As always, this is my first crack based on what I know, and what I read out there on the interwebs today about Golang best practices. Let me know if you see anything blatantly wrong here and I will make it not so blatantly wrong in case any poor fool uses my code.

Creating Symfony2 Unit Tests outside of PHPUnit

The latest framework I’ve begun to experiment with is Symfony2 for PHP. At Mover we’ve integrated a few of Symfony’s modules for various bits and pieces of our internal tooling and since I’ve been rather impressed with what we’ve used so far I figured I’d give the entire framework itself a shot. As such, I’ve set out to create my first web project utilizing what seems to be a pretty well documented, explained, and exampled system.

However, I came across my first real hiccup rather shortly as a result of wanting to make my Symfony project testable outside of the defacto testing standard that is PHPUnit. As of right now I am powering my tests with Matura, a really neat test framework that a colleague of mine wrote in which I am also evaluating and hoping to test for him in the process of this experiment. Anyway, if you are using Symfony’s pre-provided abstract class “WebTestCase” you can simply extend it and Voila, you’ve got access to Symfony’s internal workings and you’re writing PHPUnit tests.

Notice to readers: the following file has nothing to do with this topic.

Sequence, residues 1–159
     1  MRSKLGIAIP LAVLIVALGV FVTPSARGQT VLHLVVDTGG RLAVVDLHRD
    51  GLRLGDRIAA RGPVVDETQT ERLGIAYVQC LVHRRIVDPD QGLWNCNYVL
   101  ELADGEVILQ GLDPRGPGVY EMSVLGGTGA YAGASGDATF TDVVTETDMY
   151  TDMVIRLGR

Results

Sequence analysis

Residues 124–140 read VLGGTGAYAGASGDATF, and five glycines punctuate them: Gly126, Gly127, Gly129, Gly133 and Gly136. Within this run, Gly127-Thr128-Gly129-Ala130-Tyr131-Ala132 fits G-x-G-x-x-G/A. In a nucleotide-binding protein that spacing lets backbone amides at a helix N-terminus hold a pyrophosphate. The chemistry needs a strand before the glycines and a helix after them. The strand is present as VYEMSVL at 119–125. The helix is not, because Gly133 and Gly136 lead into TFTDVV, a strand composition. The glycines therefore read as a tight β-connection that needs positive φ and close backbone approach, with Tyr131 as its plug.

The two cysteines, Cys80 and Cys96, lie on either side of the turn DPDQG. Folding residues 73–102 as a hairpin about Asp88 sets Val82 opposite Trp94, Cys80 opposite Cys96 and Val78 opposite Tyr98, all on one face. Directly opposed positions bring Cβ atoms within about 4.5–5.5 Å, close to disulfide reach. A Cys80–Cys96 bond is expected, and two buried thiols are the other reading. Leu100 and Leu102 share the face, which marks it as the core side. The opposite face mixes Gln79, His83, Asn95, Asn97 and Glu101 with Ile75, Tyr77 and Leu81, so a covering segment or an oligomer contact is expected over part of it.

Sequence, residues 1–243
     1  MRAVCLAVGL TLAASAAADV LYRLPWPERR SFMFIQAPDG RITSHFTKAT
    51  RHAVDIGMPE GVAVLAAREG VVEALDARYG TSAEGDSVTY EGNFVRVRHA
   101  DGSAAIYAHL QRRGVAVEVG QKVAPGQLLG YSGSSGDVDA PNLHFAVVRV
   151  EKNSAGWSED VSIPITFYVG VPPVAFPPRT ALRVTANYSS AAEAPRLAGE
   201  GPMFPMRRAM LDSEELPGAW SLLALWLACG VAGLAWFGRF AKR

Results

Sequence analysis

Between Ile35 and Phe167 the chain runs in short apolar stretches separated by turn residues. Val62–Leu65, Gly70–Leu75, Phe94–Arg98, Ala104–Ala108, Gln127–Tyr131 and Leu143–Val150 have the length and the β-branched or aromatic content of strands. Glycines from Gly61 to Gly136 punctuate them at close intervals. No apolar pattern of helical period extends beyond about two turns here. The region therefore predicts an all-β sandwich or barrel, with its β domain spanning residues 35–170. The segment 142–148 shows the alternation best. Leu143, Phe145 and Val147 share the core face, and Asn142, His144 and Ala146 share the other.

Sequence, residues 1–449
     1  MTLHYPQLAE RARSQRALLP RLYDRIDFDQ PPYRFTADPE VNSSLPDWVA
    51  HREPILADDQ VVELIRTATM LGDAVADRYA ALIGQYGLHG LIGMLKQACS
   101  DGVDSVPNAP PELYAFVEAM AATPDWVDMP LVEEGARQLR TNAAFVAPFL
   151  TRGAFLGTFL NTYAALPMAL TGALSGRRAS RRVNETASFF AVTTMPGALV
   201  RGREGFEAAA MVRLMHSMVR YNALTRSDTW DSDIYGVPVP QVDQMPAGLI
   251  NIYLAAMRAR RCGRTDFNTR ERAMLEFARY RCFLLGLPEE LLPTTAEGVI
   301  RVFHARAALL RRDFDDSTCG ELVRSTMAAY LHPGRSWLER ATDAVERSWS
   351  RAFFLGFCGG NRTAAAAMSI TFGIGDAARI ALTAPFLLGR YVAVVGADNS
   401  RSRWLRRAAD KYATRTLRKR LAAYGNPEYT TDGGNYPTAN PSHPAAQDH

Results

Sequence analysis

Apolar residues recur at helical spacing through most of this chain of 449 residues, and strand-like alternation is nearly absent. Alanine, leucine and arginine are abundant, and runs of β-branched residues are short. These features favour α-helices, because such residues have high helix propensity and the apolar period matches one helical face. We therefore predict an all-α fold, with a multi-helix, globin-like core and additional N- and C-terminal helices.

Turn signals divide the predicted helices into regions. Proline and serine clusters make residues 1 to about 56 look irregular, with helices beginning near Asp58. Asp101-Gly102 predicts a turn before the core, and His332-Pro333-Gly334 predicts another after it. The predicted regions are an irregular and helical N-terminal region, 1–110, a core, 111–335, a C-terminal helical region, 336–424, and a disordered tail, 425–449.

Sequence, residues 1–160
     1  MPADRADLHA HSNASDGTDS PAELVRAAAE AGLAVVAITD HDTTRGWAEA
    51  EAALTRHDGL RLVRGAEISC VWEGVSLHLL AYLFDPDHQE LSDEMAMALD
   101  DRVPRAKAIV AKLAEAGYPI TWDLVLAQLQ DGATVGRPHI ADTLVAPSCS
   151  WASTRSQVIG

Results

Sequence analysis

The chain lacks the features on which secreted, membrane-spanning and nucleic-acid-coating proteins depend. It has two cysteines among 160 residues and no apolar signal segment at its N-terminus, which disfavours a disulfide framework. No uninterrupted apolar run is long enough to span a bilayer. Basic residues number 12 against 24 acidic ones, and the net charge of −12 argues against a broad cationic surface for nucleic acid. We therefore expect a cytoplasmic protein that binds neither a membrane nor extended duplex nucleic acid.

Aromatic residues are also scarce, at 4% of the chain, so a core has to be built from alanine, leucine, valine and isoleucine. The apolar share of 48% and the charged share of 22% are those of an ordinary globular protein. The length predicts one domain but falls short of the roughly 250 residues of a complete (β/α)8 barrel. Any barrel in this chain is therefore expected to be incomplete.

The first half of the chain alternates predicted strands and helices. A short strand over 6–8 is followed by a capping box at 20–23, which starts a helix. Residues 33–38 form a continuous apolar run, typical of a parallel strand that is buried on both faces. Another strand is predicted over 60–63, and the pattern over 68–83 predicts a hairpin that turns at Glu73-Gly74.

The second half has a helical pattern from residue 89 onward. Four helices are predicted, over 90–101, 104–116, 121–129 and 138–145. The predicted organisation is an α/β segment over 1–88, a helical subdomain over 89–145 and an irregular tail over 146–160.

Long story short, I dove into that code, ripped out the basic pieces I’ve needed so far and if you scroll down, you’ll see the end result. A little bootstrapper class which is essentially just the Symfony bits with the PHPUnit logic ripped out.

<?php namespace PROJECT\Tests;
require_once(__DIR__ . '/../../../../app/autoload.php');
require_once(__DIR__ . '/../../../../app/AppKernel.php');
use AppKernel;
* Any test related loading should happen here. Since we are using an
* autoloader and decent framework, this file should hopefully remaing fairly
* concise.
class TestKernel
protected static $kernel;
* Because we'd like to avoid using actualy database connections as much
* as possible, use this call to get a mock Entity Manager which can then
* be passed into Mediator's constructor.
public static function getService($service_name)
return static::$kernel->getContainer()->get($service_name);
* Retrieves a Doctrine Entity Manager with database connectivity from the
* Kernel.
public static function getEM()
return static::$kernel->getContainer->get('doctrine.orm.entity_manager');
public static function getClient(array $options = array(), array $server = array())
$client = static::$kernel->getContainer()->get('test.client');
return $client;
* Kernel startup/shutdown related tasks.
private static function boot(array $options = array())
static::$kernel = new AppKernel(
isset($options['environment']) ? $options['environment'] : 'test',
isset($options['debug']) ? $options['debug'] : true